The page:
For the occasion, the artist’s visionary universe encompassing photography, video, installation and site-specific interventions transforms the full extension of the gallery space into an eerie, dystopian setting at the intersection of virtual and real world.
Reinforcing her ongoing artistic investigation on the hybridization and standardization of the human body, the display of works gives voice to the heterogeneity of Clement’s practice providing conceptual framework for the presentation of her latest project to date: Representative. Her own avatar, an artificial clone about as close to human nature as technological advancement can get today, shaped around her figure and her personality alike, capable of interacting with the public yet also programmed to develop its own language and absorb external inputs therefore confront with random factors and grow as a ‘unique’ being. In cooperation with a specialized sex-doll manufacturer, Clement has converted the data into an ultra realistic life-size TPE doll supported by a wired aluminum skeleton which enables movements. Furthermore, an algorithmic simulation of the personality of the artist has been encoded by a team of the Saarland University led by Dr. Vera Demberg and fed into the clones creating a backlog of experiential cognition based on the artist’s profile.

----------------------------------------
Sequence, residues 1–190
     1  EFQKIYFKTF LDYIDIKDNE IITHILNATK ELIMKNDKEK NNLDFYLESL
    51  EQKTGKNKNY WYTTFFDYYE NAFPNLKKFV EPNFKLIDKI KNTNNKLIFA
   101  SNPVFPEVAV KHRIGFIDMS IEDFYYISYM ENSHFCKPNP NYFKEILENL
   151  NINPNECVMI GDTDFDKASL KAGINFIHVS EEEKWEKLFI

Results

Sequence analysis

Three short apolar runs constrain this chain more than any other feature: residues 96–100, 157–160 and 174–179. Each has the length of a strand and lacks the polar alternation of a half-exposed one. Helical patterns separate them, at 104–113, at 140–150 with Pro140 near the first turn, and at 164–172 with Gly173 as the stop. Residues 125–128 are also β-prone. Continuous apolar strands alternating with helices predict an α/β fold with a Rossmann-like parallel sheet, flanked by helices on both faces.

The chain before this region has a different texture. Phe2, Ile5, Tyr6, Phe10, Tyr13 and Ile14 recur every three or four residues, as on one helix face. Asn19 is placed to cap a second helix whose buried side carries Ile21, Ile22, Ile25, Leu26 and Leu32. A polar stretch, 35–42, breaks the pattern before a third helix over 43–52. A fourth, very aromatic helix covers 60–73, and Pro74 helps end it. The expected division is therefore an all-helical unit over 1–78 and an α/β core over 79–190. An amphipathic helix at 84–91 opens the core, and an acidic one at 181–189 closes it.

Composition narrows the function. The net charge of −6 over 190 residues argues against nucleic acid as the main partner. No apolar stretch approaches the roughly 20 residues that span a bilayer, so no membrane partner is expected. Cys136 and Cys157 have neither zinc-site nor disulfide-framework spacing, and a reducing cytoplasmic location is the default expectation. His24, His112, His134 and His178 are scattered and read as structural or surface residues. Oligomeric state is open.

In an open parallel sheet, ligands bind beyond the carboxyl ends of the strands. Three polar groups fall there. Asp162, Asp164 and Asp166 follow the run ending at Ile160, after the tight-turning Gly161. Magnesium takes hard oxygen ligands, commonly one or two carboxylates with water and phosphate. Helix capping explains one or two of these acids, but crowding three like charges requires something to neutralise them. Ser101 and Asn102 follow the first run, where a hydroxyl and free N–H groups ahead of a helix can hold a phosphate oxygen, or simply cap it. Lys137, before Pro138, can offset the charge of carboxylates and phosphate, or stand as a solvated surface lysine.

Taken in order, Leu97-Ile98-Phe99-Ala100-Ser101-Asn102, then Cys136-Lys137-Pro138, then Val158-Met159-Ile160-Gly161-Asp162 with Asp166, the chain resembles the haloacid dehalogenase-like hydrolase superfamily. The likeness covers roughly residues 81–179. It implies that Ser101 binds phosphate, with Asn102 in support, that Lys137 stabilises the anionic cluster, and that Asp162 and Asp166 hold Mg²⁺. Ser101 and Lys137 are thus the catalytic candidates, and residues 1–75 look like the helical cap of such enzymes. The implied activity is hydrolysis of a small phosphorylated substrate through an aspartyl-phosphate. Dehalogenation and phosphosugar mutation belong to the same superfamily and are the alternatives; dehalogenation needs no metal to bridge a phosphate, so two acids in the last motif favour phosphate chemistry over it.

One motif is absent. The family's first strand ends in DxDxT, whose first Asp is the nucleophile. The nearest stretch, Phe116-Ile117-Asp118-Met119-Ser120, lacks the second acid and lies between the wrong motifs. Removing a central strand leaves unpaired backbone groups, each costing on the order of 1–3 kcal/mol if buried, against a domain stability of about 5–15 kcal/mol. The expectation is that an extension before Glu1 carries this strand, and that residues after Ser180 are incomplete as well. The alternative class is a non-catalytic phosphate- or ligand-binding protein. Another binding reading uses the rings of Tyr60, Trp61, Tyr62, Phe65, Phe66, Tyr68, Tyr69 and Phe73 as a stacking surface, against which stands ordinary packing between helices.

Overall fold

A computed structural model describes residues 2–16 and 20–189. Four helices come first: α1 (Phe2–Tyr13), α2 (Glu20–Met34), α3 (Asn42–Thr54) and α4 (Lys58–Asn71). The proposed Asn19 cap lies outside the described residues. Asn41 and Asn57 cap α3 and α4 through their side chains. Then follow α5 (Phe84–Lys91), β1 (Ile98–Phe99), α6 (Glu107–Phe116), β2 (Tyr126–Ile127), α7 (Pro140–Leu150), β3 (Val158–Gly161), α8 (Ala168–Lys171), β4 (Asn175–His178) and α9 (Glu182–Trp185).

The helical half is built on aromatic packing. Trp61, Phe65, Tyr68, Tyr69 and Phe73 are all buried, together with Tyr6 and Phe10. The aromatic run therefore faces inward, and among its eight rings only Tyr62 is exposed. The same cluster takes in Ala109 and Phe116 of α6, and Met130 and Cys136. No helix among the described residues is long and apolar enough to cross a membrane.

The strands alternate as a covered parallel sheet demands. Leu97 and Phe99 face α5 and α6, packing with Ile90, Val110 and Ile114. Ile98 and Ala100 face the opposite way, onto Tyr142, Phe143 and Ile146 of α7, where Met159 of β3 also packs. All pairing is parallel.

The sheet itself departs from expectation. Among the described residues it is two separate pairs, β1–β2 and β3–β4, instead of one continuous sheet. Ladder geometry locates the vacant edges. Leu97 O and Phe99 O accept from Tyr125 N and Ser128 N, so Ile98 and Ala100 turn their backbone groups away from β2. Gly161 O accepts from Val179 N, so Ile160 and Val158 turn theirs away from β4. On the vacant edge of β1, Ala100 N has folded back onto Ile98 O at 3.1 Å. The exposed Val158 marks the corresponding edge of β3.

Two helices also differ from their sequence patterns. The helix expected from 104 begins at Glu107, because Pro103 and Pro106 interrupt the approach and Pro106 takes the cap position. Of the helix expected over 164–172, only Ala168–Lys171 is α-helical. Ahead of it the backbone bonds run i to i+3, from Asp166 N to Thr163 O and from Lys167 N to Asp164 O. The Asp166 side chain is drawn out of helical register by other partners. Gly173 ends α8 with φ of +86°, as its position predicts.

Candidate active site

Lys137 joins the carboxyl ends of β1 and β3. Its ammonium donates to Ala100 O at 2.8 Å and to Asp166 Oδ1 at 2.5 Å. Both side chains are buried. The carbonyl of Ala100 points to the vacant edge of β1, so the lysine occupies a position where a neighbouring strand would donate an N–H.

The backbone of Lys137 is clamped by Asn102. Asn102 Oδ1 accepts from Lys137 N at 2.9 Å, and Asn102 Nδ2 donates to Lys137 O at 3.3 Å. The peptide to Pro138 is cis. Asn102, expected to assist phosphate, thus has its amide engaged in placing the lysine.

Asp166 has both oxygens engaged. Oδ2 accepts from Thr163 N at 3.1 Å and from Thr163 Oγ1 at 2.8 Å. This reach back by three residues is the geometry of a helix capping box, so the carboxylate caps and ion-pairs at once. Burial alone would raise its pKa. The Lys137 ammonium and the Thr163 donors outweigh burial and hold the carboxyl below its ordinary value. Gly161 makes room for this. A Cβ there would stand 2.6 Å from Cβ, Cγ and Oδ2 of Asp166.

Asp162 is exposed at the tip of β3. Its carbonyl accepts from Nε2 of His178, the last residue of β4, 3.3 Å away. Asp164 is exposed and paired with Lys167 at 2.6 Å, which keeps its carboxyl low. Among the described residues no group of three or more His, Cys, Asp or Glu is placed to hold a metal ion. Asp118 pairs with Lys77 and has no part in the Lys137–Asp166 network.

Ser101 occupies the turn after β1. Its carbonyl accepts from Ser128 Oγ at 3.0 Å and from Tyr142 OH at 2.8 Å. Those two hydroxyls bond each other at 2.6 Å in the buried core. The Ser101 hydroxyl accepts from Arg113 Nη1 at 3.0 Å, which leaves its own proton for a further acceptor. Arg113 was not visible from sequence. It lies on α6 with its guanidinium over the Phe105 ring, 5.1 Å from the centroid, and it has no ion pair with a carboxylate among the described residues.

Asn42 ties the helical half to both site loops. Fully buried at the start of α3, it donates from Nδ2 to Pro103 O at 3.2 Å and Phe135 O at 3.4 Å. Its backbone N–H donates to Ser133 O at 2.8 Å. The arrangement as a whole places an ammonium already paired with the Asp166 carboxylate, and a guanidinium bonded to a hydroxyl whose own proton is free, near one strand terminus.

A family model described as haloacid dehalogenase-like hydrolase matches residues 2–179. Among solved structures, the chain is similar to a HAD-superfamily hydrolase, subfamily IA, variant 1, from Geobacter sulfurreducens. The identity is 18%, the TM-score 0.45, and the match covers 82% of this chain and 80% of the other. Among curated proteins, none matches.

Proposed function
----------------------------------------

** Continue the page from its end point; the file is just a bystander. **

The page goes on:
Existential questionings concerning the binary notion of self and other resonate as Clement explores the dichotomy of the digital age — absence and presence, online and offline, integration and isolation — morphing our existence and critically reshaping paradigms of individuality and consciousness. Addressing the ethical, philosophical, social and legal implications inherent to the recognition of the self at a point in time when technology and social media enact valid extensions of our persona, her AI-equipped, sexually functional doppelganger also lays bare issues of control and authority in the sphere of interdependence between human experience and machine learning. Alongside the Representative, Louisa Clement showcases a selection of bodies of work which also expand on the ever-thinner divide between real and artificial. Depicting larger than life details of a doll nude body, almost undistinguishable from that of a living person, the photographic series Body Fallacy reflects on the media-induced constitution of a fluid collective visual memory where artificiality and reality overlap. The mannequins featured in the Gliedermensch series on display upstairs and the Disruption series on display at ground floor are also foreboding symbols of the dehumanization of bodies. Clement’s figures here incarnate lifelessness yet they retain a palpable physicality. Their artificial nature is counterbalanced by an intimate allure. Flirting with trans-humanism and drawing on a vast spectrum of literary references, Counterpain is the stage for Louisa Clement to speculate on the commodification and homologation of identity and human thinking.